Eyeballing the king of the jungle

Kabelo Dipholo

Unforgettable moments in the Okavango Panhandle

“He was so close, I could smell his breath!”

I’ve been lucky to experience some of Botswana’s top nature reserves and game parks, thanks to Botswana Tourism Organisation (BTO).

In these excursions, I’ve encountered lions and wild animals in their natural habitat countless times.

- Advertisement -
Eyeballing the king of the jungle

My biggest wish when, together with a group of journalists, I landed in the Okavango pan handle on December, 3rd was to see lions in action.

I wanted to see a kill so much, I blurted it out to our guide, Kgosi ‘King’ Letlhogela, the moment we met.

It’s an obsession I’ve had since I first set my eyes on the king of the jungle.

From Kasane Airport, we landed on a gravel airstrip in the Delta, and proceeded to Tsodilo Hills aboard a Robinson 44 on a sweltering Saturday afternoon.

A UNESCO World Heritage Site (WHS), a status the spiritual hills gained in 2001, Tsodilo has four chief hills being the ‘male’ standing at 1 400 metres, the ‘female’, ‘child’ and grandchild.

Eyeballing the king of the jungle
LINKING WITH BASARWA GODS: A moment in the Tsodilo caves

It is here where the artistic nature of the Basarwa people, who’re the first inhabitants, is in full display.

- Advertisement -

Famous paintings of giraffes, elephants, zebras and a conspicuous picture of a penguin which, according to the guide, the nomadic Basarwa people could have encountered the aquatic flightless birds on the Skeleton Coast in Namibia.

Tsodilo Hills are home to over 4 500 ancient rock paintings, and attracts thousands of tourists every year who pilgrimage to Basarwa’s spiritual home.

After an exhausting two-hour walk on the wild side, we were lifted off to Nxamaseri Island Lodge, a 15-minute scenic flight aboard the R44.

Eyeballing the king of the jungle

The lodge has a beautiful setting on the panhandle of the Okavango Delta, and unlike other resorts with an abundance of wild animals, here you are treated to water and cultural activities.

It is as perfect and affordable space for bird lovers and for sport fishing.

- Advertisement -

Nxamaseri offers a peace of mind. It is secluded, except for the natives who occasionally glide across the waters on their dug-out canoes.

It was here that I finally had the courage to ride the canoe. It, however, took some serious convincing from the guide who assured me that chances of a hippo attack and our canoe capsizing were non-existent, in fact there has never been such an incident in the Nxamaseri water channel.

It was two nights of pure bliss!

Monday morning, we took a 29km bumpy ride to Shakawe, where we were to board a small aircraft to take us to &Beyond Xaranna Okavango Delta Camp.

Eyeballing the king of the jungle
EXQUISITE: Xaranna Delta Camp

It’s the friendly staff that quickly won me over.

Like they say, first impressions are everything, especially in the hospitality space.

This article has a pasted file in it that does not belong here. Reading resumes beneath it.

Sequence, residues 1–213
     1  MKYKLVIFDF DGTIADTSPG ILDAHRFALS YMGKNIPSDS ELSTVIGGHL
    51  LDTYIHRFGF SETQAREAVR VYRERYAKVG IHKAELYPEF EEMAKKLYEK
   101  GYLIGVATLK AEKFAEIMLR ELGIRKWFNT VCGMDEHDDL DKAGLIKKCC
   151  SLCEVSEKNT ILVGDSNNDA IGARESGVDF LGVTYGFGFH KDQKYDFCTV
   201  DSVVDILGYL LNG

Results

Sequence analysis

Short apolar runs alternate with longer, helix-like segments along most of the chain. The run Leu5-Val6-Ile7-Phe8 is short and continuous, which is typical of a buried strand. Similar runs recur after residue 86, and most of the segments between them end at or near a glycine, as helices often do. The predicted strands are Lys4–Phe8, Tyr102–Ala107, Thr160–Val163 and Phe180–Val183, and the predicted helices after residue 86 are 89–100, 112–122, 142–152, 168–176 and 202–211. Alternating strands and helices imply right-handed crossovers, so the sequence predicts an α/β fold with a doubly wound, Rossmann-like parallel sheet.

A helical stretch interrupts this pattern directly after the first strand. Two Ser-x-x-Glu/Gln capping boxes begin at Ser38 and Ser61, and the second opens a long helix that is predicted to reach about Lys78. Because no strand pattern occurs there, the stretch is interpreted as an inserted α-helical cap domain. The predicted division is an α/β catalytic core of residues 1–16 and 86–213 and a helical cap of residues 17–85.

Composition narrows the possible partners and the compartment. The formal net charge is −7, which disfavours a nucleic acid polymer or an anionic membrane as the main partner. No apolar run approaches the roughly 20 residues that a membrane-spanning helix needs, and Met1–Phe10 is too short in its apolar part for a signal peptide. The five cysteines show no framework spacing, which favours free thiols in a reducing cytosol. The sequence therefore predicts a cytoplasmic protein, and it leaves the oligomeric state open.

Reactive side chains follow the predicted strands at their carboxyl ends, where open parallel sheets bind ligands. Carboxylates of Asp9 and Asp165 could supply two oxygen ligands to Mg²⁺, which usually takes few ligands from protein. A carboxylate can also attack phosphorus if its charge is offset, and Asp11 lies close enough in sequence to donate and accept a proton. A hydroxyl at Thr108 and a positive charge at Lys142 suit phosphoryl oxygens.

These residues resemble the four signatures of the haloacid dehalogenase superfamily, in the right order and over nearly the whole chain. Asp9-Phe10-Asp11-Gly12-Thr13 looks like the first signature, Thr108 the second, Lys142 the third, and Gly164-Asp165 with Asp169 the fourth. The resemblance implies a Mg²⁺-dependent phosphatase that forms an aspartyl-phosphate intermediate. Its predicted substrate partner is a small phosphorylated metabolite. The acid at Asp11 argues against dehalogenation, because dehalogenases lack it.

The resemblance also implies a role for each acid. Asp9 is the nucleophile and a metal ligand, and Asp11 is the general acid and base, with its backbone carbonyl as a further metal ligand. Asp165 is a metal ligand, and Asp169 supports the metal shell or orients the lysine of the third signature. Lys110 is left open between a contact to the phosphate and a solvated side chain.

The camp offers luxurious solitude and a six star treatment in the wild.

- Advertisement -

With a private sala and plunge pool overlooking the lagoon, complete with a private mini bar stocked with the best beverages, a telephone for all your needs, Xaranna is simply made for lovers.

The intimate touch and attention to detail makes this tented paradise one of the best places in the Delta.

Here your neighbours are elephants, buffaloes, the baboons that knock on your door early in the morning and an elusive and slick leopard called ‘Mosetsana’.

- Advertisement -

Xaranna also offers foot safaris.

No adrenaline adventure beats a walk in the Delta among vicious, hungry lions, slithering snakes, marauding buffaloes and elephants.

It is such an exhilarating experience.

Armed with nothing but a bottle of water, we crisscrossed the dry waterways under the watchful eye of experienced guide, Dux Mareja, who reassuringly told us that the rifle he was carrying was just for aesthetics.

Eyeballing the king of the jungle

It is during such walks that you’re schooled on every detail about the Delta, and how everything is interconnected.

From the dragon fly, termites and a persistent bee-eater, which allegedly has GPS coordinates of all the beehives in the bush.

The best moment of this amazing trip was when we encountered a pride of lions taking cover under a makeshift wooden bridge on the edges of a little blind road we were using.

The lions were just too close for my comfort, but with the little courage I mustered, it was here that I eyeballed the king of the jungle.

I looked straight into a male lion’s soul, and was immediately engulfed by a warm sensation I’ve never felt before.

- Advertisement -

It is a humbling experience to be that close to an apex predator that can easily rip you into pieces and live to tell the story.

The lion was so close I could smell his breath!

Although I did not witness a lion kill as I had wished, I’ll forever cherish the moment I eyeballed the king of the jungle.

Leave a comment